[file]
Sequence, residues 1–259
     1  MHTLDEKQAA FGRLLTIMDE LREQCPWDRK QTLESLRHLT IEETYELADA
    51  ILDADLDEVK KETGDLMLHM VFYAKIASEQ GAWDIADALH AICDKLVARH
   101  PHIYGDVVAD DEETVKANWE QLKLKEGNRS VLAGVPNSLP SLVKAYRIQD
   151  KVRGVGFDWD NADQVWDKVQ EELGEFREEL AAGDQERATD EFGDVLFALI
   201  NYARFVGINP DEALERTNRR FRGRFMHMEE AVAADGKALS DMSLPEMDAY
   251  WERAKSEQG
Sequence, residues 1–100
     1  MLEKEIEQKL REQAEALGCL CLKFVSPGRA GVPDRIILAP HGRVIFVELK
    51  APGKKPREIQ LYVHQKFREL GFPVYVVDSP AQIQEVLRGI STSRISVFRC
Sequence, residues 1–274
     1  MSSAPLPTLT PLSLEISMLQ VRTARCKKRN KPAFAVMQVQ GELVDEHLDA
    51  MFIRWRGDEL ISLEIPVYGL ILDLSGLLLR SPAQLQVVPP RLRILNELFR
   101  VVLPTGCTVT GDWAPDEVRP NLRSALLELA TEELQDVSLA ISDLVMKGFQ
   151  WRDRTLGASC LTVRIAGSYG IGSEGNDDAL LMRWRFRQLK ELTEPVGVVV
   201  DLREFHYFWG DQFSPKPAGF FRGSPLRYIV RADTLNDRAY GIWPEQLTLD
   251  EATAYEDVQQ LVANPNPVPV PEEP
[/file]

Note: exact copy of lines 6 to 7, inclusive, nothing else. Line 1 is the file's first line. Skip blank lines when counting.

   201  NYARFVGINP DEALERTNRR FRGRFMHMEE AVAADGKALS DMSLPEMDAY
   251  WERAKSEQG